Pick a square within a multiplication square and add the numbers on each diagonal. What do you notice?
Can you use the diagram to prove the AM-GM inequality?
Janine noticed, while studying some cube numbers, that if you take three consecutive whole numbers and multiply them together and then add the middle number of the three, you get the middle number. . . .
An article which gives an account of some properties of magic squares.
Choose four consecutive whole numbers. Multiply the first and last numbers together. Multiply the middle pair together. What do you notice?
What would you get if you continued this sequence of fraction sums? 1/2 + 2/1 = 2/3 + 3/2 = 3/4 + 4/3 =
The diagram illustrates the formula: 1 + 3 + 5 + ... + (2n - 1) = n² Use the diagram to show that any odd number is the difference of two squares.
Jo has three numbers which she adds together in pairs. When she does this she has three different totals: 11, 17 and 22 What are the three numbers Jo had to start with?”
Many numbers can be expressed as the difference of two perfect squares. What do you notice about the numbers you CANNOT make?
What is the total number of squares that can be made on a 5 by 5 geoboard?
Some students have been working out the number of strands needed for different sizes of cable. Can you make sense of their solutions?
Caroline and James pick sets of five numbers. Charlie chooses three of them that add together to make a multiple of three. Can they stop him?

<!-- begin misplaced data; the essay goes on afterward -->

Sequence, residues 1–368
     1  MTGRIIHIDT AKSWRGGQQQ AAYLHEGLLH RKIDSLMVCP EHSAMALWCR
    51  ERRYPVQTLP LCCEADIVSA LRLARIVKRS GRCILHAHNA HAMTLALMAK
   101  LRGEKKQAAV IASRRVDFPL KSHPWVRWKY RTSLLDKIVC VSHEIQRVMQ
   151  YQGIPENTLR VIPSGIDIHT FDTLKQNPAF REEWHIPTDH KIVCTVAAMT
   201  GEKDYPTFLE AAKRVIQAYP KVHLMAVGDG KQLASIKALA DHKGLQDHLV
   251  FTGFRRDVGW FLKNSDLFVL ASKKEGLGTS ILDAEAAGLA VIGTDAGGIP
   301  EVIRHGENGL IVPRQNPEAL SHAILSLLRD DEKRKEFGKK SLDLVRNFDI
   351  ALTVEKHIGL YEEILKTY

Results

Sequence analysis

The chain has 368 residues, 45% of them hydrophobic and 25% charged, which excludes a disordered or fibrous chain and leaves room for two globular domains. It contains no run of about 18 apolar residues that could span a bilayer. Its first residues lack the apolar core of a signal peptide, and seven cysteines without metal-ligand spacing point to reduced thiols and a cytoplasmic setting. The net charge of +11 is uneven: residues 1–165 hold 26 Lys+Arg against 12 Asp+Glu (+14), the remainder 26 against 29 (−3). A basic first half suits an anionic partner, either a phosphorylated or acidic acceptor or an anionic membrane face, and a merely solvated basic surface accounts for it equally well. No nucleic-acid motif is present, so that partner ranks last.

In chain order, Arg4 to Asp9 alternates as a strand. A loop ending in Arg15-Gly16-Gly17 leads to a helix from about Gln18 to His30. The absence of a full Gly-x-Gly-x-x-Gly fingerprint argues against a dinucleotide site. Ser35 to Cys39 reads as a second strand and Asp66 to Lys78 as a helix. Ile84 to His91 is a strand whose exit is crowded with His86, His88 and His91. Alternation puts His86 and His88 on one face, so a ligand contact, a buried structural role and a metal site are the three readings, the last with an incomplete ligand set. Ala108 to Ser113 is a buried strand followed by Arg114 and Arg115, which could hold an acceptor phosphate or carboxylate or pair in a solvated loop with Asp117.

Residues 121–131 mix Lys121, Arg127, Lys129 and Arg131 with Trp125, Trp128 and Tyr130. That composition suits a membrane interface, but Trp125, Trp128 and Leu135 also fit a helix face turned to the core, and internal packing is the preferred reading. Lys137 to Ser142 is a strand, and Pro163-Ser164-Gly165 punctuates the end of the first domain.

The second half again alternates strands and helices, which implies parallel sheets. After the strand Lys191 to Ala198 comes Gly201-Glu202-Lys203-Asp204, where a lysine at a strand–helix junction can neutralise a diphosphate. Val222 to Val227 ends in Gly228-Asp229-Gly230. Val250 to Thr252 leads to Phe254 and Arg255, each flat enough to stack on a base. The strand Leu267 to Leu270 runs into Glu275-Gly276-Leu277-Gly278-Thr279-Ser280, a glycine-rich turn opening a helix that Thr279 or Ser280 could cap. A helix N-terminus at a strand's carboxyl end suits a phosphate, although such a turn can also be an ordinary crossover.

Can you show that you can share a square pizza equally between two people by cutting it four times using vertical, horizontal and diagonal cuts through any point inside the square?
Sets of integers like 3, 4, 5 are called Pythagorean Triples, because they could be the lengths of the sides of a right-angled triangle. Can you find any more?
Choose any 3 digits and make a 6 digit number by repeating the 3 digits in the same order (e.g. 594594). Explain why whatever digits you choose the number will always be divisible by 7, 11 and 13.
How many pairs of numbers can you find that add up to a multiple of 11? Do you notice anything interesting about your results?
Imagine we have four bags containing numbers from a sequence. What numbers can we make now?
A three digit number abc is always divisible by 7 when 2a+3b+c is divisible by 7. Why?
What is the ratio of the area of a square inscribed in a semicircle to the area of the square inscribed in the entire circle?
Imagine we have four bags containing a large number of 1s, 4s, 7s and 10s. What numbers can we make?
Triangle ABC is an equilateral triangle with three parallel lines going through the vertices. Calculate the length of the sides of the triangle if the perpendicular distances between the parallel. . . .
This article for teachers describes several games, found on the site, all of which have a related structure that can be used to develop the skills of strategic planning.
Find some examples of pairs of numbers such that their sum is a factor of their product. eg. 4 + 12 = 16 and 4 × 12 = 48 and 16 is a factor of 48.
List any 3 numbers. It is always possible to find a subset of adjacent numbers that add up to a multiple of 3. Can you explain why and prove it?
An article for teachers and pupils that encourages you to look at the mathematical properties of similar games.